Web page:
If schools care about the welfare of future attorneys as much as the State Bar of California, they have the ability – right now – to get that information out to you. All you need to do is ask.

We’ll be reporting more in the coming weeks on new developments that are in the works. In the meantime, please let us know if you hear about schools taking the initiative to release Class of 2010 information.

A Note from Our Co-Founders

Dear Readers,

Thank you to everyone who has continued expressing support for increased transparency at ABA-approved law schools. This past week LST announced some important improvements that U.S. News will make regarding information disclosure. Building on the U.S. News lobbying efforts (which we began back in August), we then presented at the ABA Questionnaire Committee meeting down in Ft. Lauderdale, which was very productive. We will recap what happened at the meeting later this week. By continuing to focus the discussion on the need to repair the trust relationship between law schools and students, we are hopeful that meaningful improvements will eventually come about through the regulatory process.

LST plans to play an active role in participating in the reforms, but to do this we need to reexamine our organization’s resources. We are a small staff made up entirely of volunteers. This is a good thing. Unlike representatives from individual law schools, we don’t face the bureaucratic problems that exist within many institutions of higher education. As new members of the legal profession, we have worked hard to prove our dedication to solving these issues in a way that benefits both prospective law students and the legal profession in general. Thankfully, the legal media has largely spared us of the same criticism often levied against the ABA or individual law schools. We suspect that one of the reasons for this has been because we don’t really have a horse in the race, other than a serious dedication to following through with our goals.

That said, this week’s success at the ABA hearing has led us to realize that continued involvement with the ABA is necessary if we are to make sure that they continue in the right direction. Regulatory reform is slow, and there will be a number of opportunities for interested parties to sidetrack the ABA’s efforts. For our purposes, this means that we need to secure enough funds so that when we are invited to the table, we can afford to attend.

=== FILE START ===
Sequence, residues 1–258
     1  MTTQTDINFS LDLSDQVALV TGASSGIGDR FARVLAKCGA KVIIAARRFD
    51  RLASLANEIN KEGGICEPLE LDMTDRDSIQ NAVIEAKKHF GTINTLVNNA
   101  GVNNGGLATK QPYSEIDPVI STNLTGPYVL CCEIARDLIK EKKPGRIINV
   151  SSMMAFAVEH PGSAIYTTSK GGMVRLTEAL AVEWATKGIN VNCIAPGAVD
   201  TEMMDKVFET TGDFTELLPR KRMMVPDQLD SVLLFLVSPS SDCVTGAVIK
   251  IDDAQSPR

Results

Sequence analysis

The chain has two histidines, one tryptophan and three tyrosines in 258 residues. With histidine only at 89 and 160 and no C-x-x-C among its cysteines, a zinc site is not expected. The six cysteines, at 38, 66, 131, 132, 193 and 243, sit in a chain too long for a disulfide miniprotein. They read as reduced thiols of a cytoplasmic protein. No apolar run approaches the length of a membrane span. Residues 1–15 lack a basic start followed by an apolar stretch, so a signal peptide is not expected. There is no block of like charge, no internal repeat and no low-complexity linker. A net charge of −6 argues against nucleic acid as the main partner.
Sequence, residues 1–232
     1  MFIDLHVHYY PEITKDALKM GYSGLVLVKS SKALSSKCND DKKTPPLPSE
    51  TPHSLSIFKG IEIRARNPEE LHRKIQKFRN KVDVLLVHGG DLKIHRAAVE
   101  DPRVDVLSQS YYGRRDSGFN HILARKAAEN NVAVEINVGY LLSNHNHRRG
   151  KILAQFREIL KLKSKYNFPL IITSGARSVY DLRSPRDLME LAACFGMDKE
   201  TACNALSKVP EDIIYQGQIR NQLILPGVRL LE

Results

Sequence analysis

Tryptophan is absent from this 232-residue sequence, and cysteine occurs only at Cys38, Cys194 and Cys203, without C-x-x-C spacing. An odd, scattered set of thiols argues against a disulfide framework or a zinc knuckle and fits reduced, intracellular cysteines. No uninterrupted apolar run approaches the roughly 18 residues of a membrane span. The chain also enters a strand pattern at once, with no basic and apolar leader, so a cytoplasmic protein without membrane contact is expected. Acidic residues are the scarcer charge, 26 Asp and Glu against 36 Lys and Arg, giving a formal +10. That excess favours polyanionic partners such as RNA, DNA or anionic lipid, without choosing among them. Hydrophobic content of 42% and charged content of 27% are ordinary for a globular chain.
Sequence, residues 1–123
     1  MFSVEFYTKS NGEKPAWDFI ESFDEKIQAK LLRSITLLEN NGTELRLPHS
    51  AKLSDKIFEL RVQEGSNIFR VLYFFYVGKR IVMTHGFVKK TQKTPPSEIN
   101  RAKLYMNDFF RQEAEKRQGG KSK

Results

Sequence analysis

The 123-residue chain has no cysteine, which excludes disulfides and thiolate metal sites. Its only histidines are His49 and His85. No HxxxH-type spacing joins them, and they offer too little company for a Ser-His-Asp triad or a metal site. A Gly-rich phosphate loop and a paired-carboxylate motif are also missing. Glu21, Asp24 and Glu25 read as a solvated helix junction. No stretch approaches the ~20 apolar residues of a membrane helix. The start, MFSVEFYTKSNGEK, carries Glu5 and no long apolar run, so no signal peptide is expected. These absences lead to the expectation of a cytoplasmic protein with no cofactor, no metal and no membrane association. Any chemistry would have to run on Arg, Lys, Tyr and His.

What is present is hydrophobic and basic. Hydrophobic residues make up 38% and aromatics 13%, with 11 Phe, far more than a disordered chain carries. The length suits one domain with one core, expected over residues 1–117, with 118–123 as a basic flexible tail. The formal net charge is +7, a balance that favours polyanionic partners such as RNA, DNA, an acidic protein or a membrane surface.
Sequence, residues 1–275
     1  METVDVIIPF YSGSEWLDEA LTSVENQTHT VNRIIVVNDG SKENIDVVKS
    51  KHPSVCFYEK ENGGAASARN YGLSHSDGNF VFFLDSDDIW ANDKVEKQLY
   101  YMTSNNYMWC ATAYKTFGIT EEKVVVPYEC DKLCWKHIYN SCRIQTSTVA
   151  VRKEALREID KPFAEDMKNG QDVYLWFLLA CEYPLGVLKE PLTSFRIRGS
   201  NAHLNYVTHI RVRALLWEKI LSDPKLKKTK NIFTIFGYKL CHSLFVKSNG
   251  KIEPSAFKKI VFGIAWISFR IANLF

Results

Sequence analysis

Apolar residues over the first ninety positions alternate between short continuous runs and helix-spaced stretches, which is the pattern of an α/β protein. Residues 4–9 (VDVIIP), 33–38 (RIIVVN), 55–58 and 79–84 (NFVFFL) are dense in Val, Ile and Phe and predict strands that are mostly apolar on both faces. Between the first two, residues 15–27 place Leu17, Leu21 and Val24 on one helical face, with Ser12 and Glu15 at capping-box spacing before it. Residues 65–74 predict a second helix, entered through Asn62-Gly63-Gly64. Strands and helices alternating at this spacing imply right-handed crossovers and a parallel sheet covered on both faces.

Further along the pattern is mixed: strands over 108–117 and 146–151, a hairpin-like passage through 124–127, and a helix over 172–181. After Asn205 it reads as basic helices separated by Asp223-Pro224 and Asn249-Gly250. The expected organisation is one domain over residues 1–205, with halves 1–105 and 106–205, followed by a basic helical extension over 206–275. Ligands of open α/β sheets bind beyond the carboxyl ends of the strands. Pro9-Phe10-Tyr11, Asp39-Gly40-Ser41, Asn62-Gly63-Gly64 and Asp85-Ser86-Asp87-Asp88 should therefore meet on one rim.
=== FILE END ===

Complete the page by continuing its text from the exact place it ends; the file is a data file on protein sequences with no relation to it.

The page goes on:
So far we have relied on the generosity of anonymous donors, but we are now considering additional methods of fundraising. We will continue to operate as a volunteer organization, relying on our dedicated staff members, advisory board, and the hundreds of people who have reached out to us with ideas over the last two years.

We are currently soliciting ideas about how we can raise the funds necessary to carry out LST’s mission. If you have a good one, let us know. One suggestion has been to ask for an “alternate class pledge” similar to what graduating students are asked to give by their law schools, where graduates who do not approve of how their own school presents employment information can make a pledge to LST instead. While this could increase some of the animosity between law schools and LST, it could also serve as a barometer for how many graduates are willing to pay to see something change, while simultaneously providing another incentive (though small) for schools to reevaluate their methods aside from any potential ABA reforms. We are by no means committed to this idea, so if you have an opinion on the matter please do not hesitate to express your concern or support.